Then I saw a documentary about NUG, wherein he decorated a posh night club/restaurant, who had let make huge rugs with his squiggles (green on white). He also painted a wall, careful not to go outside the lines indicated by the owner. There are more examples. If it isn’t sellable, the art world will ignore it, and it disappears from history. Perhaps this is the reason why performance art is generally viewed as a joke, even by people who otherwise enjoy obscure music, paintings, poetry.

So if speculation is (more or less) the purpose fine art, of the institutions—why do governments train people to do it? Why do left wing people think an industry that is just another stock exchange is good? The paintings can be good, and the art can even be left-wing. The buyers don’t care. If they think it will increase in value, they buy it, if not, they sell. People with that much money are incapable of appreciating art. So, why? Why shouldn’t Konstfack focus their money and efforts on teaching teachers, designers, etc. Teaching kids how to paint or sculpt is great, society needs more of that. Teaching people how to market their art to billionares..? I don’t see the point. And why are right wing people against it? they love subsidising their favourite industries!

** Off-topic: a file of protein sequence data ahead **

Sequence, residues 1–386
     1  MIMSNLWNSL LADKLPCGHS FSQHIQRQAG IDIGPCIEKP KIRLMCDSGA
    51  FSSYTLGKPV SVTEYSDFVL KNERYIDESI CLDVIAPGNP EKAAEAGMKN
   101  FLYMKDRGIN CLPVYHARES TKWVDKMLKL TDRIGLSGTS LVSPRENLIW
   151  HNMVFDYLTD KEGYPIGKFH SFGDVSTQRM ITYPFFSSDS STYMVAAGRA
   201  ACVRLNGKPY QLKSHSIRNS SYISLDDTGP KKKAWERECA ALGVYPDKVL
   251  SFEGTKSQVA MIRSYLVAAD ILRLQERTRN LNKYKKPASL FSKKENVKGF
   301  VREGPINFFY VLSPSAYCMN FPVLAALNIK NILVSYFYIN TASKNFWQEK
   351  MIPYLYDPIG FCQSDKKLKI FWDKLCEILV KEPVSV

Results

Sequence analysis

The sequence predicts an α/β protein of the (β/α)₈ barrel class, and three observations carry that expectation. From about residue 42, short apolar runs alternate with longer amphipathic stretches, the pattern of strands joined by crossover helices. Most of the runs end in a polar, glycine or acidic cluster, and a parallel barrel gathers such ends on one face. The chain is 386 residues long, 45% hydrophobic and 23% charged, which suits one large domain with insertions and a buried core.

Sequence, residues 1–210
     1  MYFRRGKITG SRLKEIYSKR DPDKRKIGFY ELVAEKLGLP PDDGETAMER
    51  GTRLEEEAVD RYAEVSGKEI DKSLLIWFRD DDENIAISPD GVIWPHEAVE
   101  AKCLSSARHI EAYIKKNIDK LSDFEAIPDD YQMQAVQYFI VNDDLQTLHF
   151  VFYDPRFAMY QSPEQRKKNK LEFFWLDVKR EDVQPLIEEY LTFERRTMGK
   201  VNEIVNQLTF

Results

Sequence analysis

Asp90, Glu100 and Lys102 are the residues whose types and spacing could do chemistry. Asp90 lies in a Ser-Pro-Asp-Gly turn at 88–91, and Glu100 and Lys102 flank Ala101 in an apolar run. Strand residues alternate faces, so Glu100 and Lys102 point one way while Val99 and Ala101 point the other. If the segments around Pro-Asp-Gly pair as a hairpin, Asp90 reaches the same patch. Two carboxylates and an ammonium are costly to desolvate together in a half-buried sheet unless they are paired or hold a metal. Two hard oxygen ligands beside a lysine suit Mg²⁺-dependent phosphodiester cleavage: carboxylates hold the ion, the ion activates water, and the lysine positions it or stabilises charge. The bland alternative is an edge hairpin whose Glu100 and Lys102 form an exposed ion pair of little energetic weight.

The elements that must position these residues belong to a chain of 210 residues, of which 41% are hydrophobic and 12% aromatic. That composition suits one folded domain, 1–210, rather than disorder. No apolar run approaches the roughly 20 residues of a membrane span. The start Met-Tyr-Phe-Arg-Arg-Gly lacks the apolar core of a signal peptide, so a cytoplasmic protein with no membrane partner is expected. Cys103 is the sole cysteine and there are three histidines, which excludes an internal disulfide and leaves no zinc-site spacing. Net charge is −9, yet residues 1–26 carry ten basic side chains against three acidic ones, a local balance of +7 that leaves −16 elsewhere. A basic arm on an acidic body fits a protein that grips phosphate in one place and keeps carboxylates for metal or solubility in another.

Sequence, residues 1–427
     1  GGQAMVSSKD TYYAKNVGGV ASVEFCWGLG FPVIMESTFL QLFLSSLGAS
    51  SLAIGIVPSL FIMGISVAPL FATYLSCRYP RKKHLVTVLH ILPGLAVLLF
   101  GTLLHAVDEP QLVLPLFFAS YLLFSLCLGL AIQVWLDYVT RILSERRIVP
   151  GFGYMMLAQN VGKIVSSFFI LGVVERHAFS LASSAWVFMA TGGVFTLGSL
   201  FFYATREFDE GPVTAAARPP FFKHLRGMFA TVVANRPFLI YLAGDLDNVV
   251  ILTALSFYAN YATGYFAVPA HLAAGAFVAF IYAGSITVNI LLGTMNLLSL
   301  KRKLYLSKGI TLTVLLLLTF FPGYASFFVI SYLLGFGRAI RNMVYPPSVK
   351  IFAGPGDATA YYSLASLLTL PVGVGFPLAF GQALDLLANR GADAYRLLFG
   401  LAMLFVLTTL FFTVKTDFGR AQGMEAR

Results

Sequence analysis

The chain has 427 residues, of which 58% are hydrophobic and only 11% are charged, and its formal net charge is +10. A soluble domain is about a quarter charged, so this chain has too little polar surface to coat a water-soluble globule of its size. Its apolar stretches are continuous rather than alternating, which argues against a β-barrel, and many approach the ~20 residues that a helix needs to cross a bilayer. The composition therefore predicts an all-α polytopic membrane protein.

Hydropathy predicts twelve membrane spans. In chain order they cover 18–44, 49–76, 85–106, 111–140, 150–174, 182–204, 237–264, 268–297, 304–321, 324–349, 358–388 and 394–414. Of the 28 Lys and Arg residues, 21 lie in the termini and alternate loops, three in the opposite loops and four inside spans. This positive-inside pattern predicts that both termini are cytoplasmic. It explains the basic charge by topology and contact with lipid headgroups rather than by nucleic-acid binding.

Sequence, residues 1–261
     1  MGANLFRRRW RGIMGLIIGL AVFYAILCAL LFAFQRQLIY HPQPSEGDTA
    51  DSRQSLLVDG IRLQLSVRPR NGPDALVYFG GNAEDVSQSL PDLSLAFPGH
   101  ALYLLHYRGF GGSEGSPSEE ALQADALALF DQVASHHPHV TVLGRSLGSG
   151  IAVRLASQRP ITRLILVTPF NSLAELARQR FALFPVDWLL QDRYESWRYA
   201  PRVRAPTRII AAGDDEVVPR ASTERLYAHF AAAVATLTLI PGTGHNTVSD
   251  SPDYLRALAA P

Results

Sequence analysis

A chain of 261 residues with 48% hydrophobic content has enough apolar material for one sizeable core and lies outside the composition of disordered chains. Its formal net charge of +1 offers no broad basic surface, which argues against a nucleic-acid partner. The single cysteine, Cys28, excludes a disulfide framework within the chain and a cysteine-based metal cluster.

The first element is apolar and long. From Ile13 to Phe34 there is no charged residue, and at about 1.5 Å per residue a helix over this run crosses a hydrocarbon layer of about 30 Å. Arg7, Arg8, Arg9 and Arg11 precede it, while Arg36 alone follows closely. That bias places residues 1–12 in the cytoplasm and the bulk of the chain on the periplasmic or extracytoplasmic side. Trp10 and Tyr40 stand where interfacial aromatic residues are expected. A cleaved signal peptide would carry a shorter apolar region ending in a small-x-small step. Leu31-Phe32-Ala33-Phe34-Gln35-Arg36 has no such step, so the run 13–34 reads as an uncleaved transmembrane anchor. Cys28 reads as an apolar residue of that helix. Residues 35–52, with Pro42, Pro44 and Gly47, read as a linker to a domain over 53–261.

Perhaps I just want to seem like a Real Worker. Or maybe it’s envy, if I could sell etchings for 4000 Euros, I would. But the correlation fine arts and left wing is weird.